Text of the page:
What about belts, cellphones, car keys, steel toed boots, any type of metal is going to set it off and hence the person still needs a
"pat down"... Neat idea but replace guards it wont do.
edit on 6-1-2013 by gangdumstyle because: (no reason given)



posted on Jan, 6 2013 @ 10:54 AM
link   
reply to post by gangdumstyle
 


Agreed, replaced was a poor choice of words on my part.

Still, what I like the most is people thinking in a different direction. Not just focusing on guns, you know?



posted on Jan, 6 2013 @ 10:56 AM
link   
reply to post by gangdumstyle
 


You can design a sensor that can tell the difference between a gun and a steel toed shoe. Most places wouldn't use it because the cost is prohibitive right now. But a high security, high traffic area would be a great place to put something like this.



posted on Jan, 6 2013 @ 10:56 AM
link   
This is a pretty interesting idea.

However, it could lead to a very messy situation if they should ever malfunction, and rotate simultaneously.

Not the place one wants to be if the computers and machines turn evil and have a revolution.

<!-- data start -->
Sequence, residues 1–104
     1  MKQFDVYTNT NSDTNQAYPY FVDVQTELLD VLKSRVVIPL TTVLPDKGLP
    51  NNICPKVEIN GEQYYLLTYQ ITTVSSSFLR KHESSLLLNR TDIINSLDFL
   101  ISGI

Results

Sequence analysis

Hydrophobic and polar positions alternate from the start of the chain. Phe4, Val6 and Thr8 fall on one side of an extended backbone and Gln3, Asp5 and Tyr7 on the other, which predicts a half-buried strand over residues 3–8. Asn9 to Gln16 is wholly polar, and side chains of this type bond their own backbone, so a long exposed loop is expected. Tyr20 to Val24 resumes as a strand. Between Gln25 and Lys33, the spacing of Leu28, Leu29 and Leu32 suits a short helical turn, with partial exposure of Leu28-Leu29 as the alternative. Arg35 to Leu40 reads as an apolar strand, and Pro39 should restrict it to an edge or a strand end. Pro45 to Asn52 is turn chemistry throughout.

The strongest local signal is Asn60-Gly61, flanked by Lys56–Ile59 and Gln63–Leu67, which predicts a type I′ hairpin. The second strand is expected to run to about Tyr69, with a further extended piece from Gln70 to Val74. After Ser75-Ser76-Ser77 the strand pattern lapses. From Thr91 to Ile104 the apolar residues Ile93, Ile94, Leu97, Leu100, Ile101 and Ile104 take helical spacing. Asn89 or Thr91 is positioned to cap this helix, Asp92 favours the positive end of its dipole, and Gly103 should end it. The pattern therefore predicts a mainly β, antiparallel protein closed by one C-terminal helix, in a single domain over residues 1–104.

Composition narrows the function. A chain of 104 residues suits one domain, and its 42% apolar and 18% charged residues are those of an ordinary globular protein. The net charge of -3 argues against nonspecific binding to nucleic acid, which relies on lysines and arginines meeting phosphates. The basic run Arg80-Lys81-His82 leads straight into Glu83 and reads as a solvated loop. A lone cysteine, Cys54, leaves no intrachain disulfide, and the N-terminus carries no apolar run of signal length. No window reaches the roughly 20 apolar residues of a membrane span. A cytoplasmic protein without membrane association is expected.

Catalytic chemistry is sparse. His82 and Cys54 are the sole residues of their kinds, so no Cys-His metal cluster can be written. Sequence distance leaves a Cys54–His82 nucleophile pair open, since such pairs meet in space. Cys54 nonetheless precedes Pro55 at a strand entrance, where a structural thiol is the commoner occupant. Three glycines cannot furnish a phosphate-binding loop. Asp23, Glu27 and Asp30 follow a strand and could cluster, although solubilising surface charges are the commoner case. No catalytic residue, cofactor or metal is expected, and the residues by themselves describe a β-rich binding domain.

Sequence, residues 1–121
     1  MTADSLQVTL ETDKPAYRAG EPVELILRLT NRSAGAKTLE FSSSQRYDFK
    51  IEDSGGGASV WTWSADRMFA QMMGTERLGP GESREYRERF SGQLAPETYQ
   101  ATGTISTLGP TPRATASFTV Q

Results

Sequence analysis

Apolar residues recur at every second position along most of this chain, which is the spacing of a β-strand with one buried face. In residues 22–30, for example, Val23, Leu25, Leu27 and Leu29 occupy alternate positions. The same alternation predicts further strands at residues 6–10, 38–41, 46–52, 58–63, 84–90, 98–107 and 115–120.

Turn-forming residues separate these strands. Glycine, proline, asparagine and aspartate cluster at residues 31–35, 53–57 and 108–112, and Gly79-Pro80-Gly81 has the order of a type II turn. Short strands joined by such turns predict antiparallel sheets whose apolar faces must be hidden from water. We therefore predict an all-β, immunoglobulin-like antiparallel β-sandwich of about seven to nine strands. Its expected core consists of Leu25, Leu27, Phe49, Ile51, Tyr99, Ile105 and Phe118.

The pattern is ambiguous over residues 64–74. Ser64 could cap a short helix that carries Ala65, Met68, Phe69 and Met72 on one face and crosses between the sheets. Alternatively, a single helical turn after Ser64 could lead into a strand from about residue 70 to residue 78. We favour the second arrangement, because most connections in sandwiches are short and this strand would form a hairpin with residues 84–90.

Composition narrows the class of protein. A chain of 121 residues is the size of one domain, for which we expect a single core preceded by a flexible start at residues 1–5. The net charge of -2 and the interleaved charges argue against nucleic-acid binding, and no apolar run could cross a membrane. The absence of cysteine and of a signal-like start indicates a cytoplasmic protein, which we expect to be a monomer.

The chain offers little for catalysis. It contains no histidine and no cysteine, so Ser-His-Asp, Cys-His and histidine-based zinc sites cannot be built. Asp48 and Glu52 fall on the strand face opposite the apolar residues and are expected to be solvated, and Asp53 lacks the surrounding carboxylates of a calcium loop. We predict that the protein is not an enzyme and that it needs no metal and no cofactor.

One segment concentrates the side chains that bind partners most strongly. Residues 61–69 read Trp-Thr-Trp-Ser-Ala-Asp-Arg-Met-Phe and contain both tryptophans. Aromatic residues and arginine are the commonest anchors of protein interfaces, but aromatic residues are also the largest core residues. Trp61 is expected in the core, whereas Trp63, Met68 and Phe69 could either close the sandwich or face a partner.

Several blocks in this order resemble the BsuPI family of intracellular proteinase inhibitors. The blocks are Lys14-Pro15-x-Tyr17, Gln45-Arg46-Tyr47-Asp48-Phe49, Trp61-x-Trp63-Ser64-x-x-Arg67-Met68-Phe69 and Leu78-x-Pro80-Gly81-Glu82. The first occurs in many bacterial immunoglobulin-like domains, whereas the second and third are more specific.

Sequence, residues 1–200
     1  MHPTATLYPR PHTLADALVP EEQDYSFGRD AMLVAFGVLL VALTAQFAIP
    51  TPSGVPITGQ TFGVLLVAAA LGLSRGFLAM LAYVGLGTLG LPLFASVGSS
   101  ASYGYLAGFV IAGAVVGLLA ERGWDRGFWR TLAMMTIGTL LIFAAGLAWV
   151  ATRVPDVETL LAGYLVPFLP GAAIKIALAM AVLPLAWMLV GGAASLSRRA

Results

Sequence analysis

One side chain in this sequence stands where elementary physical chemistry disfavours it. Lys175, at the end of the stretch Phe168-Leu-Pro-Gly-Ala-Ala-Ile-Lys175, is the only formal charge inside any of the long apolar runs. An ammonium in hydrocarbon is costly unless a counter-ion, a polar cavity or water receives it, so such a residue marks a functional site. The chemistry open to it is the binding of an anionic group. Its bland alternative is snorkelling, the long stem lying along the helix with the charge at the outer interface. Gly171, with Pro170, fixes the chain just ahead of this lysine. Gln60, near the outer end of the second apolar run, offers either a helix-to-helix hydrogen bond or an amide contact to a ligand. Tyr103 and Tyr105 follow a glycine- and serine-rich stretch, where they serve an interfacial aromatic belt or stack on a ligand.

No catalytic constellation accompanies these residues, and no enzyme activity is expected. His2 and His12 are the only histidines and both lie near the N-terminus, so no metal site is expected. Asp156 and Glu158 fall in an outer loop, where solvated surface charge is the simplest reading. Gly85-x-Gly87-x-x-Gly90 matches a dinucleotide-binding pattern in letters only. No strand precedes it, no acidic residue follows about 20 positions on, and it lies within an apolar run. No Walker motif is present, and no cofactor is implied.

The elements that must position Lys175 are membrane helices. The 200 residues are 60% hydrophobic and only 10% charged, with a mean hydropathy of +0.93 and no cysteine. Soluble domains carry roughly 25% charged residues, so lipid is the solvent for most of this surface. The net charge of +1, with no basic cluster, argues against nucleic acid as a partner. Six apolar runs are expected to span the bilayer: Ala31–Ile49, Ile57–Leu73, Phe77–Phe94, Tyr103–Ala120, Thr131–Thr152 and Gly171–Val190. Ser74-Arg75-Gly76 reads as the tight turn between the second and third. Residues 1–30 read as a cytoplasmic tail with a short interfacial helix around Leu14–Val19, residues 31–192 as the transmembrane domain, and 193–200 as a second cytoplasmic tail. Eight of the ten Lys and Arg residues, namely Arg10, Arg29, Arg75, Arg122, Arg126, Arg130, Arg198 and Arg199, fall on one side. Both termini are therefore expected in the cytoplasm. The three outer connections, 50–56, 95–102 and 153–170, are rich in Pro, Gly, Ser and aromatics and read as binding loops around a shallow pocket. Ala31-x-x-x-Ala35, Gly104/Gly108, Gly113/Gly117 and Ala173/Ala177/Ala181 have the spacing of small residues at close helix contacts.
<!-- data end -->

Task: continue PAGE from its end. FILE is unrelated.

Perhaps really evil criminals and terrorists could be slammed to death instantly upon recognition, instead of gently ejecting them to commit further heinous acts.

This kind of instant and visible justice could restore the faith in law and order.
edit on 6-1-2013 by halfoldman because: (no reason given)



posted on Jan, 6 2013 @ 10:59 AM
link   

Originally posted by smyleegrl
reply to post by gangdumstyle
 


Agreed, replaced was a poor choice of words on my part.

Still, what I like the most is people thinking in a different direction. Not just focusing on guns, you know?


It is neat, they have these in most jails and prisons minus any sensors. When you go from one section to another you walk in the door, it closes behind you, the one in front opens when the guards give an ok..